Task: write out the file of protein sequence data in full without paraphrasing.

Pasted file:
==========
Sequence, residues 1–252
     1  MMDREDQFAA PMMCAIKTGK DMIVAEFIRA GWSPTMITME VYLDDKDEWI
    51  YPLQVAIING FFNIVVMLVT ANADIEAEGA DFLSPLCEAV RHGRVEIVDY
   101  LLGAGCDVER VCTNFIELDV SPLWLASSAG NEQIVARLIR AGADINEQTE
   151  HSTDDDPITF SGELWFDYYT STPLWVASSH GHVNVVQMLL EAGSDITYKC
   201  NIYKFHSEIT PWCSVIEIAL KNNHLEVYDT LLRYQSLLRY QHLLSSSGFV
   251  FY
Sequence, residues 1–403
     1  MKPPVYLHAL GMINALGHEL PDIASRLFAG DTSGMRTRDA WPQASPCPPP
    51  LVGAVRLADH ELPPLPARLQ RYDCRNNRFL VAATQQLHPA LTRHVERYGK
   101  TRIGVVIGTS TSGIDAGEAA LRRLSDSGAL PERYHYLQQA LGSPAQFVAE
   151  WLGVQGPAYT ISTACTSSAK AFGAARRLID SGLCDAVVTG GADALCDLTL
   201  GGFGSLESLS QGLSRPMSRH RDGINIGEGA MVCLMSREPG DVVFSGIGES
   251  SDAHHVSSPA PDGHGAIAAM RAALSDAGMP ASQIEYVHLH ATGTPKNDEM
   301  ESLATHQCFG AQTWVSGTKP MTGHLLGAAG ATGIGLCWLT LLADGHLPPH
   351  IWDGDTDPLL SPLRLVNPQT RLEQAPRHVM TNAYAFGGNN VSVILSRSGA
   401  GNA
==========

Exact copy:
Sequence, residues 1–252
     1  MMDREDQFAA PMMCAIKTGK DMIVAEFIRA GWSPTMITME VYLDDKDEWI
    51  YPLQVAIING FFNIVVMLVT ANADIEAEGA DFLSPLCEAV RHGRVEIVDY
   101  LLGAGCDVER VCTNFIELDV SPLWLASSAG NEQIVARLIR AGADINEQTE
   151  HSTDDDPITF SGELWFDYYT STPLWVASSH GHVNVVQMLL EAGSDITYKC
   201  NIYKFHSEIT PWCSVIEIAL KNNHLEVYDT LLRYQSLLRY QHLLSSSGFV
   251  FY
Sequence, residues 1–403
     1  MKPPVYLHAL GMINALGHEL PDIASRLFAG DTSGMRTRDA WPQASPCPPP
    51  LVGAVRLADH ELPPLPARLQ RYDCRNNRFL VAATQQLHPA LTRHVERYGK
   101  TRIGVVIGTS TSGIDAGEAA LRRLSDSGAL PERYHYLQQA LGSPAQFVAE
   151  WLGVQGPAYT ISTACTSSAK AFGAARRLID SGLCDAVVTG GADALCDLTL
   201  GGFGSLESLS QGLSRPMSRH RDGINIGEGA MVCLMSREPG DVVFSGIGES
   251  SDAHHVSSPA PDGHGAIAAM RAALSDAGMP ASQIEYVHLH ATGTPKNDEM
   301  ESLATHQCFG AQTWVSGTKP MTGHLLGAAG ATGIGLCWLT LLADGHLPPH
   351  IWDGDTDPLL SPLRLVNPQT RLEQAPRHVM TNAYAFGGNN VSVILSRSGA
   401  GNA